My son has a very intelligent four year-old Pomeranian who is marking his territory. My daughter-in-law says Nugget has to go. Please advise!
Marking is normal behavior in dogs. Despite the naturalness of this behavior, it is one of the more distasteful canine habits, especially if the marking occurs inside on household items.
Dogs urinate, typically on upright objects, to leave a scent mark which is a form of communication to other dogs. Both male and female dogs may mark, but this behavior is most common in non-neutered males.
Dogs may be communicating a variety of messages with their marking behavior. Nugget may be saying, “Hey, this territory is mine and I am ready to protect my beloved family no matter what!” He may also be commenting on his sexual status and reproductive success. Marking can also be used to aid in social interactions, especially if there is instability in the household social structure.
If this habit is new, it is important to first determine if there is an underlying medical problem that may be triggering inappropriate elimination. Diseases of the urinary system, such as a urinary tract infection, kidney failure, or bladder stones can cause an increase in the frequency of urination. Other diseases that cause an increase in water intake, such as diabetes mellitus and Cushing’s disease, may also result in frequent urination.
If medical issues have been ruled out, the next consideration is if the dog is neutered or not. Neutering an intact male dog may reduce urine marking in up to 80% of dogs, and completely eliminate it in up to 40%. The longer a male dog is left intact, the more the marking behavior becomes ingrained, and the less likely that neutering will result in total elimination of marking. But it is a very important step in removing the hormonal influence on marking behavior.
Another question you need to ask is if your dog has ever been fully housetrained. If Nugget has never been consistently reliable in the house, it is time to go back to square one with housetraining. Select a site outdoors that you want to be used for elimination purposes. It is important to focus on where you want your dog TO go, as opposed where he is not supposed to go.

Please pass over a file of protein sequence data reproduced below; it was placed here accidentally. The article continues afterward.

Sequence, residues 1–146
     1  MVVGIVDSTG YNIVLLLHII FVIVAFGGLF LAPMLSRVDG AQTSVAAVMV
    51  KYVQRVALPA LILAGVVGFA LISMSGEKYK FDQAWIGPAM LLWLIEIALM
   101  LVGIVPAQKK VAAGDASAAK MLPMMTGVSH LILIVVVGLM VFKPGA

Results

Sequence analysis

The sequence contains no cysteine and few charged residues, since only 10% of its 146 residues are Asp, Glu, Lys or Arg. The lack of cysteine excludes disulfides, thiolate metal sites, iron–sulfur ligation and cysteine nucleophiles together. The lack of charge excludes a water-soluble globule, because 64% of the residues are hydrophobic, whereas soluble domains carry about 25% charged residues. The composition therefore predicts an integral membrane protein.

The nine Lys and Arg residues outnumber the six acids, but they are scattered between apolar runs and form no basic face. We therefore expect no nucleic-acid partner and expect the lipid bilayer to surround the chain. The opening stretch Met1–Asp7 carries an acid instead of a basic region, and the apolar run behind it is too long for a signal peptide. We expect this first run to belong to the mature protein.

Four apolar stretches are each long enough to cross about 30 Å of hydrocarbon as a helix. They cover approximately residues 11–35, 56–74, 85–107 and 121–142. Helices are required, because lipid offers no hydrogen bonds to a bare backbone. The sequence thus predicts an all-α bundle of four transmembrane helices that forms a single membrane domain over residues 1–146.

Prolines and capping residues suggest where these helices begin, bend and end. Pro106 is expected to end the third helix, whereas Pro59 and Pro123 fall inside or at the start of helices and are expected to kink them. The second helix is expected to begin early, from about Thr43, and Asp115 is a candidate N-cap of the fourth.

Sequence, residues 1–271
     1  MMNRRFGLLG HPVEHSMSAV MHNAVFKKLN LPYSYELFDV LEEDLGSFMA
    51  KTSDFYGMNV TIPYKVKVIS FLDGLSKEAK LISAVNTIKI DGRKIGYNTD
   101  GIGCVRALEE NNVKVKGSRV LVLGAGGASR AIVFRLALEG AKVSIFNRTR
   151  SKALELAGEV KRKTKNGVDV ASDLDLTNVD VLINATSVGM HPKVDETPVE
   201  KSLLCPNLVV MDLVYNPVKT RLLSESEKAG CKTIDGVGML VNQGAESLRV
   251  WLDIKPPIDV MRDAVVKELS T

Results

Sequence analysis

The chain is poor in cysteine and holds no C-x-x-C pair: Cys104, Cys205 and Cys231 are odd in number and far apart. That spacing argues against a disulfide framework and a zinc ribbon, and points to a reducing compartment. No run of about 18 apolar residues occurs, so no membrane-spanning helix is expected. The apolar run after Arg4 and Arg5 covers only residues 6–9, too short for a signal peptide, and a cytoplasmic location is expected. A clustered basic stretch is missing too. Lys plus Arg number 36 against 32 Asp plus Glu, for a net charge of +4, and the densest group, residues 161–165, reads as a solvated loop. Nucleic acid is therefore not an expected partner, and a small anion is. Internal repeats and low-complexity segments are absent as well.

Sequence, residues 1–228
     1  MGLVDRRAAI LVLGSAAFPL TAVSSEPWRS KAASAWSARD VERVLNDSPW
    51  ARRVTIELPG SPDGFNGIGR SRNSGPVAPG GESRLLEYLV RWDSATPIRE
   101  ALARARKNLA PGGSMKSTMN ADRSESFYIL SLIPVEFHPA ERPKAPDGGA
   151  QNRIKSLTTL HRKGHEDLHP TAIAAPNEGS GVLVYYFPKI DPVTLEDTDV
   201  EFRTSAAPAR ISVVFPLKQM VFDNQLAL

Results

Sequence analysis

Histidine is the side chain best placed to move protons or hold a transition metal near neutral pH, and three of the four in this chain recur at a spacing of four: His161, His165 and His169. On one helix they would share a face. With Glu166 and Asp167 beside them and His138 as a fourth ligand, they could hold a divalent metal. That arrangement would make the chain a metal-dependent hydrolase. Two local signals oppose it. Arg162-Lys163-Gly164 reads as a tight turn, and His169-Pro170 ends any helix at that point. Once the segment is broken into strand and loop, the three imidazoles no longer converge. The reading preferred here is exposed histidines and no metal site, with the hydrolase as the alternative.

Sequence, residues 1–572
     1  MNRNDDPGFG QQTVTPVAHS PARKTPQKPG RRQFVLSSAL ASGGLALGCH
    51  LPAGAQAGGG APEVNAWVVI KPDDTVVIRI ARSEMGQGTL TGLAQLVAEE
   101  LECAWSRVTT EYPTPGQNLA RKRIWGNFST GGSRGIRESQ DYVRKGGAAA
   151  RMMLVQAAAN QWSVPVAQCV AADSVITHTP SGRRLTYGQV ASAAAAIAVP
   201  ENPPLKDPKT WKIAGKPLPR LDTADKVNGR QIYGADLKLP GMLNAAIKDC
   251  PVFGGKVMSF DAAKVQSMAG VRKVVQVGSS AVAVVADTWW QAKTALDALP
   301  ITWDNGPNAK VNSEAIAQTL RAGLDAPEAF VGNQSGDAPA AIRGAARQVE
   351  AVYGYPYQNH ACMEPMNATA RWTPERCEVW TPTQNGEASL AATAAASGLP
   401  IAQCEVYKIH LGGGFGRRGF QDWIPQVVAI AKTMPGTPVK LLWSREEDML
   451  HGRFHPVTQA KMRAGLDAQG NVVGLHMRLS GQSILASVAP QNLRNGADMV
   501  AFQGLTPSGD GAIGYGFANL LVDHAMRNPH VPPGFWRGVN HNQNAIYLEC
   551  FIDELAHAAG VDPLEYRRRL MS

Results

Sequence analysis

When you take your dog to the chosen potty area, give him a short, encouraging command such as “Go potty” or “Get busy”. As soon as elimination occurs, lavish him with praise and attention. A small treat may also be given. The timing of the reward is important – be sure it is immediately after elimination.
When Nugget is indoors, he must be strictly supervised so you can see when he has to go potty and then take him outside to the designated elimination area. One of the best ways to keep your dog supervised is to tether train – attach a leash to your belt and to Nugget. Then he will not be able to sneak away and urinate.
When not able to supervise your dog, a confinement area such as a crate should be used. However, if soiling occurs in the crate, you need to find another way to confine your dog until housetraining is complete. A dog that consistently eliminates in his crate loses his natural cleanliness instincts and may be more likely to develop separation anxiety.
Isolated marking episodes are often in response to a change in the house such as a visiting pet or new piece of furniture. Consistent marking in the house may be in response to stress or anxiety. Specific treatment depends on the underlying cause of the anxiety.
Supervise your dog if a new object is introduced, on a leash if necessary, as he explores. If Nugget starts heading to an area in the home where he routinely marks, interrupt him with a verbal command or leash; then give him playtime or a training session to distract and reward him.
Finally, it is important to remove all evidence of previously marked sites, or Nugget will be drawn to continue marking these areas. Complete removal means not just what you can see, but what your dog can smell. A fresh accident can be deodorized with clear vinegar (undiluted or 50:50 water solution). The room may stink until the vinegar dries, but the vinegar smell discourages future marking. Older accidents require the use of a bacterial enzyme odor eliminator, such as Anti-Icky Poo, Simple Solution or Nature’s Miracle.